The 4×4 posts should be sufficient for carrying the load. Don’t set your post in concrete they will rot quicker. Set your post with pea gravel instead, this will allow for moisture to drain away from the post. The 5/4 pressure treated deck boards will warp and twist as they dry out with out solid support. My suggestion would be to use Cedar fence boards instead. 1. They are lighter. 2. They will warp and twist very little and last a long time with minimal care.

-- I don't make mistakes, I have great learning lessons, Greg

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jlondon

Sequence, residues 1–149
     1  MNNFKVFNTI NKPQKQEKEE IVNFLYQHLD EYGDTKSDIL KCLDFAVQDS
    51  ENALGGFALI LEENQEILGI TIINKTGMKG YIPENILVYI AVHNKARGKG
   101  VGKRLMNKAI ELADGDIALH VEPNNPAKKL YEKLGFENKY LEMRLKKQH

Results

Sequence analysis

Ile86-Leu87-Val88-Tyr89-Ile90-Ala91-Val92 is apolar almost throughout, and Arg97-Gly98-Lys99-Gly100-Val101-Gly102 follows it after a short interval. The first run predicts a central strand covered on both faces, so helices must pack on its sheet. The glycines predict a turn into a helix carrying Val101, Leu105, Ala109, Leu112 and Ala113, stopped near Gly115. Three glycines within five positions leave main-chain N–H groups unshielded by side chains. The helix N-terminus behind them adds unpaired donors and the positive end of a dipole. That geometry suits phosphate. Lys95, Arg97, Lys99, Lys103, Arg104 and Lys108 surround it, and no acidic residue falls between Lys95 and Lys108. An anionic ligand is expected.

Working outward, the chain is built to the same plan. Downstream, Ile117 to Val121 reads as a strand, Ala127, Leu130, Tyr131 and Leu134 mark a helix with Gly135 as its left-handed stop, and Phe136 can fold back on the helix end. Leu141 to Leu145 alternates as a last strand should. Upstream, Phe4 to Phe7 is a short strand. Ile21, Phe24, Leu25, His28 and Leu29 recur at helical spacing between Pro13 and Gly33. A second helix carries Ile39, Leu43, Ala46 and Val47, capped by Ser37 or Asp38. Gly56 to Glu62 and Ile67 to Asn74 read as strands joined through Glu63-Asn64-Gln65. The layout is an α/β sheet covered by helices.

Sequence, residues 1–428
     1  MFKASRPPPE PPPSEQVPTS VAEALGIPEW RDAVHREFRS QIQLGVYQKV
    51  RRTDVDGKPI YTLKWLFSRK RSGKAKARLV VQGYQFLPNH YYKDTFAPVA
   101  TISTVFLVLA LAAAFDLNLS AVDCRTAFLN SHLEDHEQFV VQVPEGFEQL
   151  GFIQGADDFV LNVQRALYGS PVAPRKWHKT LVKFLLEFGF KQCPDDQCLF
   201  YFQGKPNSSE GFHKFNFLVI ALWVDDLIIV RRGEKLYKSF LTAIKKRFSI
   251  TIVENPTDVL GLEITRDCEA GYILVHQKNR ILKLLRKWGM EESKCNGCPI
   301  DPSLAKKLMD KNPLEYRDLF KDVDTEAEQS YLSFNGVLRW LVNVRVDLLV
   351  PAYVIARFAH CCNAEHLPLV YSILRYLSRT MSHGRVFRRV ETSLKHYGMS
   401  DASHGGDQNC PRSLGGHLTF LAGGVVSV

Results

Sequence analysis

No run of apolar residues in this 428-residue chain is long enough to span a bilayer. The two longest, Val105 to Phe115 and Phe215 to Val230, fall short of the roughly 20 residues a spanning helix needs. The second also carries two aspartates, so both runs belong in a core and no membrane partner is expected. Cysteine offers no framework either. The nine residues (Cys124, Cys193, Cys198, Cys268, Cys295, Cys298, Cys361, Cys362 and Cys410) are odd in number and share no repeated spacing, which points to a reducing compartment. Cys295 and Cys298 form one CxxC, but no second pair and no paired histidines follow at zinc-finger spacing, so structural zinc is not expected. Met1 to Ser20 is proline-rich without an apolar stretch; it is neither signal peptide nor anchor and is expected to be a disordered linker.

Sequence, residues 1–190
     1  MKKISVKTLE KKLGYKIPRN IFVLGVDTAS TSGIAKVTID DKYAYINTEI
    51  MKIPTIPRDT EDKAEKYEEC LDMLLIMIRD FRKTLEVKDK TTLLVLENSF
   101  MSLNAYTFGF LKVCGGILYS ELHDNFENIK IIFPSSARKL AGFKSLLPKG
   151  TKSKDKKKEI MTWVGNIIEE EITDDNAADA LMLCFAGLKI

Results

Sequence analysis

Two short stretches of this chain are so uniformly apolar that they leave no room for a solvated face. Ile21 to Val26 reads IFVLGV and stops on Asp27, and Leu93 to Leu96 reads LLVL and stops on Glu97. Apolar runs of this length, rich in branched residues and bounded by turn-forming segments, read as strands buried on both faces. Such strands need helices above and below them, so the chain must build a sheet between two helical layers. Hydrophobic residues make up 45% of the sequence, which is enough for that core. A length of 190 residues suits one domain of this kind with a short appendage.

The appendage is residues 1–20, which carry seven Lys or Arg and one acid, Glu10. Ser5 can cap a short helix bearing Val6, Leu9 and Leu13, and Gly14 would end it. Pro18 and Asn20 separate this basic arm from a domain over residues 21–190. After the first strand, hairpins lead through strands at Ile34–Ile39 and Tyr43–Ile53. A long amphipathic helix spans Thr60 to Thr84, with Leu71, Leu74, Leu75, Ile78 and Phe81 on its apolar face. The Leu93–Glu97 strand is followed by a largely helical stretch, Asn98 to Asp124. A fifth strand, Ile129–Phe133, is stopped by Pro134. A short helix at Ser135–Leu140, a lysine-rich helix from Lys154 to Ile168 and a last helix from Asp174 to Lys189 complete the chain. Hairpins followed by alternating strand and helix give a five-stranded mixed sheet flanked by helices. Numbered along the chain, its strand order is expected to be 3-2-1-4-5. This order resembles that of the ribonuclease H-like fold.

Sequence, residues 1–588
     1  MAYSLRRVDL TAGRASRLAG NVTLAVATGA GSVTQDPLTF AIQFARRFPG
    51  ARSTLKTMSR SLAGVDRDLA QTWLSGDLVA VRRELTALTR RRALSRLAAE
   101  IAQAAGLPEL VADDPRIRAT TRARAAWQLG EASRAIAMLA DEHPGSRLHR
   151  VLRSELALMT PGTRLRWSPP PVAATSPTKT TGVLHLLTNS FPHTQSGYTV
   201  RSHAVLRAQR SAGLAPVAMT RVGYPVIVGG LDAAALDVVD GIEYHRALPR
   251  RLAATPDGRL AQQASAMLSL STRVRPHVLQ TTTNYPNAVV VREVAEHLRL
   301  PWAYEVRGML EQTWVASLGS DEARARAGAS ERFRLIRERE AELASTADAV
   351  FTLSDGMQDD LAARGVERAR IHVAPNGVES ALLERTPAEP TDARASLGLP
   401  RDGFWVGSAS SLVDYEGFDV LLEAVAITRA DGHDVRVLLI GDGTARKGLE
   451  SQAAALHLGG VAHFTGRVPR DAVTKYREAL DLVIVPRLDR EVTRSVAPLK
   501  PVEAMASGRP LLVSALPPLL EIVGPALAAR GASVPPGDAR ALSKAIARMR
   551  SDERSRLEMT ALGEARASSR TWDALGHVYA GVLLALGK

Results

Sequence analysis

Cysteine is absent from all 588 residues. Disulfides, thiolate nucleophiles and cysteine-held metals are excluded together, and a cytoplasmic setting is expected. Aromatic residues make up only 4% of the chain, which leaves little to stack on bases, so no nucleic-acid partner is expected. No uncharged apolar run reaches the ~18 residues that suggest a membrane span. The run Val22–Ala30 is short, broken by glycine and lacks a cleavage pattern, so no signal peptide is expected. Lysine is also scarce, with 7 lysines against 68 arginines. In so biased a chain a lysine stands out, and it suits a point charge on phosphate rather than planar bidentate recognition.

6 posts in 1140 days


#5 posted 1135 days ago

Haha, yeah, plywood is on the not acceptable list from the city. Otherwise I’d just have a sheets delivered, bolt them to the existing chain link and call it a day :).

The overall idea was to keep it as clean & modern. I wanted the horizontal slats to span as far as possible without being broken up with other supports. But now after some thought and more research, I think I’ve come up with a solution:

I’ll go 8’ between posts and use a square stringer in the middle of each panel. Since I’ll be attaching the slats to the center of the post, there’s no “ugly” side. And since those stringers down the middle will be flush with the frame & posts, I think it could be considered ornamental and maybe even put it on my neighbor’s side. If not, it’s wouldn’t be terrible on our side. I’m now also leaning toward stringers on the posts to attach the slats instead of pocket hole because it’ll be easier to remove/replace boards if needed.